Silent film

A silent film is a film with no synchronized recorded sound (and in particular, no audible dialogue). Though silent films convey narrative and emotion visually, various plot elements (such as a setting or era) or key lines of dialogue may, when necessary, be conveyed by the use of title cards.

A still from the 1921 Four Horsemen of the Apocalypse, one of the highest-grossing silent films.
Charlie Chaplin, widely acclaimed as one of the most iconic actors of the silent era, c. 1919

The term "silent film" is something of a misnomer, as these films were almost always accompanied by live sounds. During the silent era that existed from the mid-1890s to the late 1920s, a pianist, theater organist—or even, in large cities, a small orchestra—would often play music to accompany the films. Pianists and organists would play either from sheet music, or improvisation. Sometimes a person would even narrate the intertitle cards for the audience. Though at the time the technology to synchronize sound with the film did not exist, music was seen as an essential part of the viewing experience. "Silent film" is typically used as a historical term to describe an era of cinema prior to the invention of synchronized sound, however it also naturally applies to sound-era films such as City Lights, Silent Movie and The Artist which are accompanied by a music-only soundtrack in place of dialogue.

The term silent film is a retronym—a term created to retroactively distinguish something from later developments. Early sound films, starting with The Jazz Singer in 1927, were variously referred to as the "talkies", "sound films", or "talking pictures". The idea of combining motion pictures with recorded sound is nearly as old as film itself, but because of the technical challenges involved, the introduction of synchronized dialogue became practical only in the late 1920s with the perfection of the Audion amplifier tube and the advent of the Vitaphone system.[1] Within a decade, the widespread production of silent films for popular entertainment had ceased, and the industry had moved fully into the sound era, in which movies were accompanied by synchronized sound recordings of spoken dialogue, music and sound effects.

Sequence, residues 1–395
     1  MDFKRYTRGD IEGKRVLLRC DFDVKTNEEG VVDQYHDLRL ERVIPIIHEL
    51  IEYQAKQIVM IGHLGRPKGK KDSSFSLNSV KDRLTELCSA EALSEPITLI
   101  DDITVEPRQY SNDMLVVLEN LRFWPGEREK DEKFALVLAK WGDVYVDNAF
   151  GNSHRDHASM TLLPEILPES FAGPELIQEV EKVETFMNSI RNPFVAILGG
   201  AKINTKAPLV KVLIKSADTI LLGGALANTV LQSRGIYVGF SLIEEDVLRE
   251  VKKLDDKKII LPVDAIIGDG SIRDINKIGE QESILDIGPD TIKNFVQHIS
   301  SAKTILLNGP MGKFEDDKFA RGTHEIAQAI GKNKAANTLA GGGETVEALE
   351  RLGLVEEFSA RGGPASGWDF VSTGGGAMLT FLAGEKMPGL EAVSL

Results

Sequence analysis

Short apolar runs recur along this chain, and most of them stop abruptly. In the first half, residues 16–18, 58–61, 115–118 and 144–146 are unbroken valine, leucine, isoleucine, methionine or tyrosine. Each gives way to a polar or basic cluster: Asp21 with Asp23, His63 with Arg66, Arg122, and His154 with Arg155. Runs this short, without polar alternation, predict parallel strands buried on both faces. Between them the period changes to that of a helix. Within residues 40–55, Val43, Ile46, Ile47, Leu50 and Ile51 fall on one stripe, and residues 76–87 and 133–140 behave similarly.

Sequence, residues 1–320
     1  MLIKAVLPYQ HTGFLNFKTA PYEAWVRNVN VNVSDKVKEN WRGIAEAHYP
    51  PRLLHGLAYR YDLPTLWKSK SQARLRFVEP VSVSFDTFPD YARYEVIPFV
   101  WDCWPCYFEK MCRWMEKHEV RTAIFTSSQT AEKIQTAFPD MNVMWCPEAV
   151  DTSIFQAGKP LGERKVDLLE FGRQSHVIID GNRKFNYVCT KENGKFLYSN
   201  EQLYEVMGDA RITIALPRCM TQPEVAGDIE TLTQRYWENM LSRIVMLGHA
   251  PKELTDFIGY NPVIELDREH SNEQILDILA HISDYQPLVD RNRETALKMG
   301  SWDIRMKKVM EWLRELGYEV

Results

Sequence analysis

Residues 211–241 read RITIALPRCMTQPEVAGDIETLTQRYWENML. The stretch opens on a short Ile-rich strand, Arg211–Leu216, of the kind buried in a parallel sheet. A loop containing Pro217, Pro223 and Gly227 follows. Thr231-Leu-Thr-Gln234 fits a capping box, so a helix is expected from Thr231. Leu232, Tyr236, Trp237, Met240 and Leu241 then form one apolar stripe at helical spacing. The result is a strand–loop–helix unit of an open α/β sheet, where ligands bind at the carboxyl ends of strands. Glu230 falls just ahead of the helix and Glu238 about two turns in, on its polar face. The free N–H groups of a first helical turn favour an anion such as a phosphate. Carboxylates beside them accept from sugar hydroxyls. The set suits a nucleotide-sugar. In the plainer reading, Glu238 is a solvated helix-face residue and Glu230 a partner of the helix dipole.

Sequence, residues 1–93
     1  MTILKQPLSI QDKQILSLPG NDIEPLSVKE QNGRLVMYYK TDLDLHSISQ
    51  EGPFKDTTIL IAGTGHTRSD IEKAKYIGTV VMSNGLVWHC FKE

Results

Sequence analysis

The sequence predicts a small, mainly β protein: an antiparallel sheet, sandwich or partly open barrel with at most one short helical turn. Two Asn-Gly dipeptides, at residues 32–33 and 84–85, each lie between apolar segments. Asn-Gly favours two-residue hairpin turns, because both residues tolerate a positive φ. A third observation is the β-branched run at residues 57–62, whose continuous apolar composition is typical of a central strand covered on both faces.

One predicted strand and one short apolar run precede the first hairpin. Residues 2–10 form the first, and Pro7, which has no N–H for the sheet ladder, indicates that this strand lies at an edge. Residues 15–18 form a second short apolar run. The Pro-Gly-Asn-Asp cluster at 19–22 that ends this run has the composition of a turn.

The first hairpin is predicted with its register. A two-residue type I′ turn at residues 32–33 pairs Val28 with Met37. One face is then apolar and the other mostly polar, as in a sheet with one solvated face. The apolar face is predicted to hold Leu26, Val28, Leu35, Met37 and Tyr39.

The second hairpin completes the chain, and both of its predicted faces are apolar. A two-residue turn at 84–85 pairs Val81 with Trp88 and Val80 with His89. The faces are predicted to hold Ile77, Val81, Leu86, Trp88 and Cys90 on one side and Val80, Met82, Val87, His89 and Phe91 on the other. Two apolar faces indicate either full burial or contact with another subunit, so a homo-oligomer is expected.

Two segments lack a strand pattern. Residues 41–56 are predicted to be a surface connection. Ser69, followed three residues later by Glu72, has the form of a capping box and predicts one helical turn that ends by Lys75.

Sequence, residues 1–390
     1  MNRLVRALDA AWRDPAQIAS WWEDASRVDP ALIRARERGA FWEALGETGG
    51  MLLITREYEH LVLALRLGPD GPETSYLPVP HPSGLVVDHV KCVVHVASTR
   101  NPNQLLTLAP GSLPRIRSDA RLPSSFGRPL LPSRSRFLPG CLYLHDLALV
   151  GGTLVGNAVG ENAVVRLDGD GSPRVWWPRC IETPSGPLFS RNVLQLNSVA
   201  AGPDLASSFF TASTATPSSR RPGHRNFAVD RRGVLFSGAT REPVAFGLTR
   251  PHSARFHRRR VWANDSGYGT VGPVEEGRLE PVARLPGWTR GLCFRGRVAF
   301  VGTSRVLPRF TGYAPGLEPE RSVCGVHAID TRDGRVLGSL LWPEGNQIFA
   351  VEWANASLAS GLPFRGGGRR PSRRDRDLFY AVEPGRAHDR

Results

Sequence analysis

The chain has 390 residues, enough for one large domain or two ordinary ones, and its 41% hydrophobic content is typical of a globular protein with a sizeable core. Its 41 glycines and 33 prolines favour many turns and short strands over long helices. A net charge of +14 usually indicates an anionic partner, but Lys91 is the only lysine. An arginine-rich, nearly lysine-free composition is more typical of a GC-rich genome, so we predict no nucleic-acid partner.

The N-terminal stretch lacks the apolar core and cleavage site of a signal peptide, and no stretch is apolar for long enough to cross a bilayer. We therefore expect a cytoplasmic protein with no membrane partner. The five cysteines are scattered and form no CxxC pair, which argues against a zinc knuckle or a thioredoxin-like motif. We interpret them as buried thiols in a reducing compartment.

Most early motion pictures are considered lost because the nitrate film used in that era was extremely unstable and flammable. Additionally, many films were deliberately destroyed because they had negligible continuing financial value in this era. It has often been claimed that around 75 percent of silent films produced in the US have been lost, though these estimates may be inaccurate due to a lack of numerical data.[2]


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